If an Emergency Order of Protection is issued, the Sheriff will enter your Emergency Order of Protection into the Law Enforcement Agencies Data System (LEADS). However, you should also provide a copy of your Order of Protection to the local police agencies where you live, where you work and any other protected area named in your order.
If an Emergency Order of Protection is denied, but the Judge sets a hearing date on your case and if the offender lives in Lake County, the Sheriff’s Department will serve the offender with the Petition and Order setting the hearing date. However, if the offender does not live in Lake County, you will receive all of the paperwork and you will be required to deliver that paperwork to the Sheriff of the county where the offender can be found and served. The more information you provide about the offender, (i.e. home and work address, date of birth, SSN, or other addresses the offender can be found) the greater likelihood the offender will be served.
Remember, an Order of Protection is a legal document, not a shield from violence. Be aware of your surroundings and call for assistance if in doubt.
You should also provide a copy of your Order of Protection to your children's school and your place of employment if those locations are stipulated (included and listed) as a protected area on your Order of Protection. Also any additions or modifications to your order should be provided to these locations.
HARASSMENT, STALKING, OR OTHER TYPES OF ABUSE
The following types of abuse qualify for relief by the filing of a Petition for Order of Protection: harassment, stalking, physical abuse, exploitation, interference with personal liberty, intimidation of a dependent, neglect and willful deprivation.
OBSCENE OR HARASSING PHONE CALLS
Obscene or harassing phone calls should always be reported to your local police department. For further assistance in dealing with such calls, SBC customers may contact 800-769-4099, AT&T customers may contact 800-222-0300.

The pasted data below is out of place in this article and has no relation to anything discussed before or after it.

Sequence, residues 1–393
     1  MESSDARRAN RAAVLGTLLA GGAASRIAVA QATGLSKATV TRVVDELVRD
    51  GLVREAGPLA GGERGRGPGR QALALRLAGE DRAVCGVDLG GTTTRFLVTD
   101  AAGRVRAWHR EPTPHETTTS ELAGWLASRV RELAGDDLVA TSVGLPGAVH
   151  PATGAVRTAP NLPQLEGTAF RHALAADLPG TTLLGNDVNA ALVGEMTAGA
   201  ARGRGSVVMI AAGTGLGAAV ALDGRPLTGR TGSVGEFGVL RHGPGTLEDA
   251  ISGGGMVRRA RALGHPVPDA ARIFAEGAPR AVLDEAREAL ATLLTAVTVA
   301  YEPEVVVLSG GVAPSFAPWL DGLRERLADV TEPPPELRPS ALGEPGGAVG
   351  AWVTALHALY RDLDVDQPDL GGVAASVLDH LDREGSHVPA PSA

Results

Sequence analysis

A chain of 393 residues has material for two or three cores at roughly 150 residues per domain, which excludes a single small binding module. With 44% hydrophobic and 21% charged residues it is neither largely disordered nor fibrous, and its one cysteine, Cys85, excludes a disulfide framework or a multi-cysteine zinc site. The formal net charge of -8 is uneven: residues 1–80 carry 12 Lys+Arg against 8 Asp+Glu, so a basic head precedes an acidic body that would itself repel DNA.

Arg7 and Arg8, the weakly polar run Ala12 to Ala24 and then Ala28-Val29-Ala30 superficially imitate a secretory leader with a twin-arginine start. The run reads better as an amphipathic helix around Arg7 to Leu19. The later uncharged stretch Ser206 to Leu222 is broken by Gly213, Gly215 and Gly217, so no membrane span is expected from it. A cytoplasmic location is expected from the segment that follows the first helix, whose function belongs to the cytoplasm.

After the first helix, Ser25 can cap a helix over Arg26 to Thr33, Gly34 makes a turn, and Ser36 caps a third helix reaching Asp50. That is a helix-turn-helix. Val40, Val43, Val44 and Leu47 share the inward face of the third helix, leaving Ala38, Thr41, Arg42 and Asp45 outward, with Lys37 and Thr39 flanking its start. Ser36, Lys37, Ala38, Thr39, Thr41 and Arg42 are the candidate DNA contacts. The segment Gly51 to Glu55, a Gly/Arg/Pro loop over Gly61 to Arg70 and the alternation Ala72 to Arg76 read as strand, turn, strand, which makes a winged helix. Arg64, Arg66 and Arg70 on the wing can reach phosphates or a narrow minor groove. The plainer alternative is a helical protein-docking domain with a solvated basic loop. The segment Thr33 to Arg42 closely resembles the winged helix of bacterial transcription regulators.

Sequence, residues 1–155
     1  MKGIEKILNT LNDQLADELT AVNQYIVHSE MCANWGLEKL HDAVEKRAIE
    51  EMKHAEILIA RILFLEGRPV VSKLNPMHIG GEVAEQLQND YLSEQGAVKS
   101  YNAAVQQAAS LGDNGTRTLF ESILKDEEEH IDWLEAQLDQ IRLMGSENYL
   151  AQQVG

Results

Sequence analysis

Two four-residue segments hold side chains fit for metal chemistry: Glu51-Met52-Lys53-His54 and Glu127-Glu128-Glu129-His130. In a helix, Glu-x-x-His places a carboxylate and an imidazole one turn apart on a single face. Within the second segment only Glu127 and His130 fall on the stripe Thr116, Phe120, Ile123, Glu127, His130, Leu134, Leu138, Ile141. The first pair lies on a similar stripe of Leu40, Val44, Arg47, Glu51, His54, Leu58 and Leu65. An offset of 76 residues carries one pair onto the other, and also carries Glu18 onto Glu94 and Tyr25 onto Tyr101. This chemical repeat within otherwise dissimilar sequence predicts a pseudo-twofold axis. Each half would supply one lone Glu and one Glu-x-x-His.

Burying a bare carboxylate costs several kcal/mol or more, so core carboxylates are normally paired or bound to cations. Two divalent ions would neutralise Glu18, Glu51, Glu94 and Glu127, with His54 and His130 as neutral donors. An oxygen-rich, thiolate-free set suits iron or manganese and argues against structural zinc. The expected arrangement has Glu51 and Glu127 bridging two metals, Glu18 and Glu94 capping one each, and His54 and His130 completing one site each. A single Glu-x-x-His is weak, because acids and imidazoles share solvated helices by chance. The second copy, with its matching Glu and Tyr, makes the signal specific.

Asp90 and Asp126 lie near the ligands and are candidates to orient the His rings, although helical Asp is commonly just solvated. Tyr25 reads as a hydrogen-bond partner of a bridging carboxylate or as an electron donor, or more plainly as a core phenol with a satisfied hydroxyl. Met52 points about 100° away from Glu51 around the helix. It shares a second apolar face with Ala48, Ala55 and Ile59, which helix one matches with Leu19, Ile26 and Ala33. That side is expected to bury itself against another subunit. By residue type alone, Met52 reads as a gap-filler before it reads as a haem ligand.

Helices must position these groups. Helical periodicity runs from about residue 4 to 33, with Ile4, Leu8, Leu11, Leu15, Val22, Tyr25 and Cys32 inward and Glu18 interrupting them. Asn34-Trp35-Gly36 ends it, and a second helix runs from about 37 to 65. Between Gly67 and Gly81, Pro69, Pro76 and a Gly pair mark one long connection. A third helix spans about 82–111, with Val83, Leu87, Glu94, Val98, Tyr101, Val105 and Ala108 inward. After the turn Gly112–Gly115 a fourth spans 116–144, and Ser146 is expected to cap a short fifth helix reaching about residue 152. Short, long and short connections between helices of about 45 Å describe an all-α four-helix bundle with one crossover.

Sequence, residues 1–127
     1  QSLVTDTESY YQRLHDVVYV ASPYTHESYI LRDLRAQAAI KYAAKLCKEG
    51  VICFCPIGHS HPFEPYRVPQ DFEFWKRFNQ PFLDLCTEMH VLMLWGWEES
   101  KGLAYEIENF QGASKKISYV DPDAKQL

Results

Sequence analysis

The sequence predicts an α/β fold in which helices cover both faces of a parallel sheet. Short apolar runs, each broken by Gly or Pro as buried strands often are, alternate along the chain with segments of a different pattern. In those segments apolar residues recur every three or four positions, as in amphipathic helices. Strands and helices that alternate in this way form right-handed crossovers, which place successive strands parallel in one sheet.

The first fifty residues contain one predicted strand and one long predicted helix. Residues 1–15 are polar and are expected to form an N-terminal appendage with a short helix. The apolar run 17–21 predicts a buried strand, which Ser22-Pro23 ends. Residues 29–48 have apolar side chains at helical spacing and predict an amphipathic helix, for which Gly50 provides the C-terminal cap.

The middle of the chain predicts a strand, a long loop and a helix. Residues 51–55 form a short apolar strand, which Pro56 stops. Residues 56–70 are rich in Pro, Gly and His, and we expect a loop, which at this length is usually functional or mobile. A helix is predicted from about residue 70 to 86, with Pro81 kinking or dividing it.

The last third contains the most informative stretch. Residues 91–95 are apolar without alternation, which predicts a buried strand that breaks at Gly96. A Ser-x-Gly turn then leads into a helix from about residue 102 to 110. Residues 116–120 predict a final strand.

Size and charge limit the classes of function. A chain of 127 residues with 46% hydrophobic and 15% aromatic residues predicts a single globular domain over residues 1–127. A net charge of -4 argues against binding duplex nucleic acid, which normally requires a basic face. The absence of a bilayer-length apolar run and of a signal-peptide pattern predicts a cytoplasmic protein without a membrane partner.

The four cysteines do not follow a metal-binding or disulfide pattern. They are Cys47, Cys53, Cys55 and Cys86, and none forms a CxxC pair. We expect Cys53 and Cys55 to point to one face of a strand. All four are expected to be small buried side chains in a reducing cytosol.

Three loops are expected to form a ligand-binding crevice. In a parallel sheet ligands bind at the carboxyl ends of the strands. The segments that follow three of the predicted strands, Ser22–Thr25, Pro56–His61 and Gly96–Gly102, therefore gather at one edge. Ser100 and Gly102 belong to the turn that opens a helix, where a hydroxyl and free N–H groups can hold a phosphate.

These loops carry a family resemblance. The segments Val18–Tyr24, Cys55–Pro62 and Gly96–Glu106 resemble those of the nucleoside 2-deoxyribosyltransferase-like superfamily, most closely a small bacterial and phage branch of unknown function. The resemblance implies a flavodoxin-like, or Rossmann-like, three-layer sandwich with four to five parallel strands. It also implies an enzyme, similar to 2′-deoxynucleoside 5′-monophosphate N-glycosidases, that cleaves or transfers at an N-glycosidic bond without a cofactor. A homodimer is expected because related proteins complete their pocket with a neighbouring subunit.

SUSPECTED ABUSE OF OTHERS
If you are the witness to a crime, you should call 911 or contact one of the local law enforcement agencies listed on this page. If you have not actually witnessed a crime, but have good reason to suspect that an adult has been the victim of abuse or neglect, you may wish to contact the Illinois Department of Human Services. If you have not actually witnessed a crime, but have good reason to suspect that a child has been the victim of abuse or neglect, you may wish to contact the Illinois Department of Children and Family Services. DCFS has local offices in Waukegan; the number for DCFS Protective Services is 1-800-25ABUSE.
Adults: The mission of Adult Protective Services is to protect the health and welfare of elderly and disabled adults. Adult Protective Services are provided to individuals 18 years of age or older who are victims of actual or potential abuse, neglect, or exploitation. DCFS also provides services to meet the adults' basic needs and to ensure their safety.
Adults with Disabilities Abuse: DCFS's Office of the Inspector General (OIG) investigates allegations of abuse and neglect in state-operated facilities and community agencies serving individuals with mental illness or developmental disabilities. OIG assesses reports of abuse, neglect and mistreatment of individuals with disabilities in domestic settings including private homes. To report an incident, call 1-800-368-1463.
Children: Persons who come to the attention of the Illinois Department of Children and Family Services (DCFS) in need of protective services are those who are potentially abusive of their children or who are suspected of having abused or neglected their children. DCFS caseworkers assess reports of child abuse/neglect to determine their validity. This includes determining whether the child is "at risk" of being abused or neglected and determining the family's need for support services.